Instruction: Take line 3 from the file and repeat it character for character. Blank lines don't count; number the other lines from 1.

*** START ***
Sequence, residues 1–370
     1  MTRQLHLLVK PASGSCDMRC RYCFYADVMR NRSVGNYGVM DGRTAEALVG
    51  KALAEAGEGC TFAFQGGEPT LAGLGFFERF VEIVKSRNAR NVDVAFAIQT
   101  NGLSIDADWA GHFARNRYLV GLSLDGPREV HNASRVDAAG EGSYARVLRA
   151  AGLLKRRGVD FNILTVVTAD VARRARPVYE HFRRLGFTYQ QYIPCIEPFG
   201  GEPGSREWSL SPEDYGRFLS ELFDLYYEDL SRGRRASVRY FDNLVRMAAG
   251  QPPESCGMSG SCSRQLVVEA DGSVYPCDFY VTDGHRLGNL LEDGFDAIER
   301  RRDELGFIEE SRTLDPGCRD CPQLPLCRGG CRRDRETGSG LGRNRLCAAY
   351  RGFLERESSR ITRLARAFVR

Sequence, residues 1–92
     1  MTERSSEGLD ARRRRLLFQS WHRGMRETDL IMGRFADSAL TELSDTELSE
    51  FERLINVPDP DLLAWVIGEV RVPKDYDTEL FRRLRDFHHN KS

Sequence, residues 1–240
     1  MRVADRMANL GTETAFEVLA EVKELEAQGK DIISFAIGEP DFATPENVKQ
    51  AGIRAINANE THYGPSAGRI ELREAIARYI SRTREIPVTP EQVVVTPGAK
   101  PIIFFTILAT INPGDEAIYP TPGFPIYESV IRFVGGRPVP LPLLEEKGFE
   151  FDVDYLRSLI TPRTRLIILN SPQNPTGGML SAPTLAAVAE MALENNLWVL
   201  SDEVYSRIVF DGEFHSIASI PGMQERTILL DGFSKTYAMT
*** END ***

    51  KALAEAGEGC TFAFQGGEPT LAGLGFFERF VEIVKSRNAR NVDVAFAIQT